AUGUSTA — The Maine Senate voted Tuesday to pass a bill that would prohibit public schools and colleges from using depictions of Native Americans in mascots, logos or nicknames.

Four Republican members of the Senate joined 19 Democrats in giving preliminary approval to a bill that aims to avoid the type of divisive debate seen in Skowhegan and several other Maine communities in recent years. All 10 votes opposing the bill were cast by Republicans, some of whom argued the measure violated Maine’s tradition of “local control.”

While the bill faces additional procedural votes, it appears destined for Gov. Janet Mills’ desk based on last week’s initial approval in the Maine House. Mills is expected to sign the measure into law.

Mills fashioned a campaign platform that included improving relations between the state and Maine’s Native American tribes, saying she would work to remove offensive names and mascots for schools and athletic teams. She encouraged the school board in Skowhegan to discontinue the use of the Indians nickname.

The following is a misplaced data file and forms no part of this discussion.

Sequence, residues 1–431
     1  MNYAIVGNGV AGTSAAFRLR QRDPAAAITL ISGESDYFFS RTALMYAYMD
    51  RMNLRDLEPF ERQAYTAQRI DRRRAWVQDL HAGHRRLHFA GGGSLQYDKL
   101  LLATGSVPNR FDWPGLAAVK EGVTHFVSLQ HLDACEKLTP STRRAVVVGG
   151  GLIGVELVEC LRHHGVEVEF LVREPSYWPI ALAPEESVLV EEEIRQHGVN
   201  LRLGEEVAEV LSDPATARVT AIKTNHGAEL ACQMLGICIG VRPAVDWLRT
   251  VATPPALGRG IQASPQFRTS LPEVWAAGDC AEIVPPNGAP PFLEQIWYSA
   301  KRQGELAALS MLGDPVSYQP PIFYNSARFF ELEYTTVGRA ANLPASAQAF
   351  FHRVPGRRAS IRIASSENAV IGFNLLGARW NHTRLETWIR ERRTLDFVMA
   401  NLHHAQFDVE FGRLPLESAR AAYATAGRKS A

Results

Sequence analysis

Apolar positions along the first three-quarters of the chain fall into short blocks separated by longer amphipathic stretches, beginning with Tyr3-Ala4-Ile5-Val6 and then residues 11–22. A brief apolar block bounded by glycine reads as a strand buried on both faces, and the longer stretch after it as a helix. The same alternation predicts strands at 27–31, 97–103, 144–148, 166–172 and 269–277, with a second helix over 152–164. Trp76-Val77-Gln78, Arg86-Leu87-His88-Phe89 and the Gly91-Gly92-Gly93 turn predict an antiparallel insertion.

In the House, which is also controlled by Democrats, the vote last week was 88-49 in favor of the bill. The House also passed an amendment that extended the ban to other publicly funded schools, such as the University of Maine System.

The bill, L.D. 944, would prohibit any public school or college in Maine from adopting “a name, symbol or image that depicts or refers to a Native American tribe, individual, custom or tradition” for use as a mascot, logo, nickname or team name, as well as on letterhead.


In March, School Administrative District 54 voted to “retire” the nickname Indians for the Skowhegan schools, ending a debate that had raged for more than four years. Skowhegan was the last public school district in Maine still using Native American imagery or nicknames.

Dropping the Indians nickname proved to be a divisive issue in the district, which includes the towns of Canaan, Cornville, Mercer, Norridgewock, Skowhegan and Smithfield. With tensions running high, five police officers were assigned to one school board meeting where the mascot question was debated.

Residents who wanted to keep the nickname argued that their position wasn’t being heard. They pressed the school board to put a nonbinding advisory question or survey on the June referendum ballot.

But the school board voted last week not to do that.

Leaders of all four Wabanaki tribes in Maine – the Penobscot Nation, the Passamaquoddy Tribe, the Aroostook Band of Micmacs and the Houlton Band of Maliseets – had urged Skowhegan to stop using the mascot and had supported a state law prohibiting similar imagery or mascots.


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